The Hit That Never Was
Byline: Charles Legge
QUESTION I have an LP described as 'a forthcoming stage musical' about the life of Goya. It features a duet of Till I Loved You by Jennifer Rush and Placido Domingo. Was the musical ever staged? GOYA: A Life In Song was issued by CBS in Britain in 1989, but had had a US release in 1988.
Domingo had been interested in appearing in a stage musical and, as a Spaniard, thought Francisco Goya (1746-1828) would be an ideal hero -and not just for his fame as a painter or because of his love affairs, including that with the Duchess of Alba, the subject of one of his best-known paintings, La Maja Nuda.
He had also fought in the Spanish wars and had been much affected by the devastation they caused; and he had been an adventurer, even becoming a bullfighter at one stage.
Goya was interested in the misuse ofpower by Spain's corrupt aristocracy, but was happy to take its money.
In his later years, he lived in exile in the South of France. He also had to cope with deafness and going blind - a heavy blow for a man still devoted to his art.
Domingo took his idea to Allan Carr, an influential Broadway producer, and together they persuaded composer Maury Yeston to accept the project.
Because of Domingo's other commitments, it was decided to make a concept album which could be sold to the public and serve as audition material for a possible stage show.
The album was produced by Phil Ramone and included several guest artists. Richie Havens recorded Dog In The Quicksand; Dionne Warwick, as the Duchess of Alba, had a solo song and also duetted with Domingo on Till I Loved You. Gloria Estefan had her own track and a duet with Domingo of Till I Loved You sung in Spanish.
The recording with Jennifer Rush does not appear on the original issue and was released separately as a single, Miss Rush being a major star at the time and more likely to have a commercial hit.
The song had already been recorded by Barbra Streisand and Don Johnson in 1988, reaching 16 in the UK single charts. Although an off-Broadway production of the musical was mooted, it never happened.
Peter Ferguson, London.
QUESTION Please settle a bet. I say the marathon was part of the ancient Olympic Games, my friend disagrees. THE marathon, the 26miles 385yards long-distance race at the end of the Olympics, is arguably the most iconic event of the Games.
The race takes its inspiration from a run by a courier in ancient Greece from the town of Marathon to Athwere ens to report the good news that the Persians had been defeated - after which he promptly fell dead out of exhaustion.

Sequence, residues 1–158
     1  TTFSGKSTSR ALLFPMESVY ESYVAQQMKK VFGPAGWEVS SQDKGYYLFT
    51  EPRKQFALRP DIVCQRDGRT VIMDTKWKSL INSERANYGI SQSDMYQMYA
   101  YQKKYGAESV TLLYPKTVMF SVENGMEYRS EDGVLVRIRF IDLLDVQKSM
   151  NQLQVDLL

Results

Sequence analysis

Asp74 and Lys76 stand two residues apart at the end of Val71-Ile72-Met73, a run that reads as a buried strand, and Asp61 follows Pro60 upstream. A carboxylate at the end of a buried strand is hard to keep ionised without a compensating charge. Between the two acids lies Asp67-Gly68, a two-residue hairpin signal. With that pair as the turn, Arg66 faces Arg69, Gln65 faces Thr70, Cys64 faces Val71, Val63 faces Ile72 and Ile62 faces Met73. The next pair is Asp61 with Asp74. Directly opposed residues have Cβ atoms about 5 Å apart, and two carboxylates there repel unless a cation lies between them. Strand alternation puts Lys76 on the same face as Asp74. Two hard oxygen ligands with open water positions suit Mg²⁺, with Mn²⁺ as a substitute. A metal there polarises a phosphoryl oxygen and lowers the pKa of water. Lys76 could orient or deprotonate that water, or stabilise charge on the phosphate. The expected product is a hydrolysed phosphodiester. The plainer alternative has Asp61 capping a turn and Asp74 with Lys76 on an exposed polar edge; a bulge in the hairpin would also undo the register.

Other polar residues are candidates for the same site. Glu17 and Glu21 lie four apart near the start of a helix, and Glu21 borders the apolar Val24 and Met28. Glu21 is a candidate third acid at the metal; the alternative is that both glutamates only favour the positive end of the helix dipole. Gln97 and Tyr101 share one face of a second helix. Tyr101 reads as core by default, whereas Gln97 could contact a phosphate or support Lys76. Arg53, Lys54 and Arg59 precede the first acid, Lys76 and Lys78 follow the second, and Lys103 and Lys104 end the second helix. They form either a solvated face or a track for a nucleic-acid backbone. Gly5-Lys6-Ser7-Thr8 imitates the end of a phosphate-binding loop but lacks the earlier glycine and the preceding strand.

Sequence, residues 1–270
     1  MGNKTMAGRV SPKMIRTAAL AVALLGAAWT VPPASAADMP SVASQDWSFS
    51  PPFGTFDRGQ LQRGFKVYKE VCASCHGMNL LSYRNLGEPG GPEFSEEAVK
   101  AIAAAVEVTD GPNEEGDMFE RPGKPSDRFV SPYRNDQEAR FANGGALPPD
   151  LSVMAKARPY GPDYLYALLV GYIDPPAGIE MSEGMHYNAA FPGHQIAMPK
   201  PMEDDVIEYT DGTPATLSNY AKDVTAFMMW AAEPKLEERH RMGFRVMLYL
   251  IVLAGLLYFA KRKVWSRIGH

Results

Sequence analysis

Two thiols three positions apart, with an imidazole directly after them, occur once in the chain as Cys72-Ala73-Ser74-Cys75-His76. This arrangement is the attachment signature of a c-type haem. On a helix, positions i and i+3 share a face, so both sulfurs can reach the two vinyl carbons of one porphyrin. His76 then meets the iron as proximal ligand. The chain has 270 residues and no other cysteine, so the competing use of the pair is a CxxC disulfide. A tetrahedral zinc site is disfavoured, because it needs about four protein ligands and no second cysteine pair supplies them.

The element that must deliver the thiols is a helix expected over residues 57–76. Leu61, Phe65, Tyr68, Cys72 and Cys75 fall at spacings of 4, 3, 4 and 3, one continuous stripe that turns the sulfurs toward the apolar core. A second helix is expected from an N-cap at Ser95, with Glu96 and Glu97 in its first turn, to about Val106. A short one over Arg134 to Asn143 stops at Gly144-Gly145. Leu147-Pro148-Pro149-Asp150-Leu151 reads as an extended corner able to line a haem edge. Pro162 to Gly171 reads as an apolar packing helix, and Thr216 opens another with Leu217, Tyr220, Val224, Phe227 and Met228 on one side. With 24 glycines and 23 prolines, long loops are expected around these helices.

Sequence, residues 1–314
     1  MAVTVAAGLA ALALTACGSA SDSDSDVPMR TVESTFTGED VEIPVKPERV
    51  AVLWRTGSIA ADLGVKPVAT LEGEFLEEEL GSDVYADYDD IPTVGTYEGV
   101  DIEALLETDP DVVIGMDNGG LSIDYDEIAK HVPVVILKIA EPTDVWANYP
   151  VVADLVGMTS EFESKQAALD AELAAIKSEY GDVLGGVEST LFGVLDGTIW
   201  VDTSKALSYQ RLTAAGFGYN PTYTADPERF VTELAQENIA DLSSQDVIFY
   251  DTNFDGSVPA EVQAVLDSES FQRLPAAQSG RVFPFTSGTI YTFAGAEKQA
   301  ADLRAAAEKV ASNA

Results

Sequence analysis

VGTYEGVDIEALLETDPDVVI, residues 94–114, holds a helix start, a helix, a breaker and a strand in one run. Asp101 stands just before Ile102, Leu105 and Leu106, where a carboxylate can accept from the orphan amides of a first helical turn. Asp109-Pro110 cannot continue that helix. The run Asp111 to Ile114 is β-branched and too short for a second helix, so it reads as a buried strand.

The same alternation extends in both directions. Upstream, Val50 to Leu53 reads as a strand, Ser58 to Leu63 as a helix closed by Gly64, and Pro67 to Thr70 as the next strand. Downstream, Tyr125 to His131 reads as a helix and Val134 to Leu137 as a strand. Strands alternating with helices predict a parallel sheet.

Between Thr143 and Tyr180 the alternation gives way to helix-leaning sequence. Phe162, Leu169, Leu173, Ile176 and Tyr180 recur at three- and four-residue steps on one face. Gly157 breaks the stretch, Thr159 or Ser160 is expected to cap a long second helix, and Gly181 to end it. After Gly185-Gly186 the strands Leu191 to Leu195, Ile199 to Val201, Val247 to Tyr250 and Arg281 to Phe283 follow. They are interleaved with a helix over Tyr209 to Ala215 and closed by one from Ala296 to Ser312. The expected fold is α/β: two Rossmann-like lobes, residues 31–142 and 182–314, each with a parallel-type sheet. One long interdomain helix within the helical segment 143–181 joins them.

Subsequent marathons have carried similar high drama.
However the tale of Pheidippides has been doctored since 490BC. Historical evidence backs up the claim that it did take place, but Pheidippides' part in the story is almost certainly misplaced.
A figure called Philippides (his name was corrupted in later texts to Pheidippides) was sent from Marathon, where the Persians had landed, to Sparta, to enlist their aid. He covered that distance of about 150 miles each way in less than two days, a remarkable accomplishment by any standard.
But the people of Marathon decided not to wait for his return and resisted the Persian advance themselves.
Philippides was probably on the road at the time. Quite how he must have felt when he discovered that his exertions had been unnecessary we can only imagine.
Even if he had made it back to Marathon by the end of the battle, it is doubtful whether he would have been capable, never mind in the right frame of mind, to then run to Athens.
As Greek armies regularly used couriers on foot to carry information back home it was perfectly possible that someone did run in an excited state to Athens to tell the citizens their city was safe - but it wasn't Philippides.
And knowing what we do about the Athenians' ability to run even longer distances, it is unlikely the courier would have dropped dead on the spot, even if he was in a heightened state of excitement and had been running in the heat of the day. …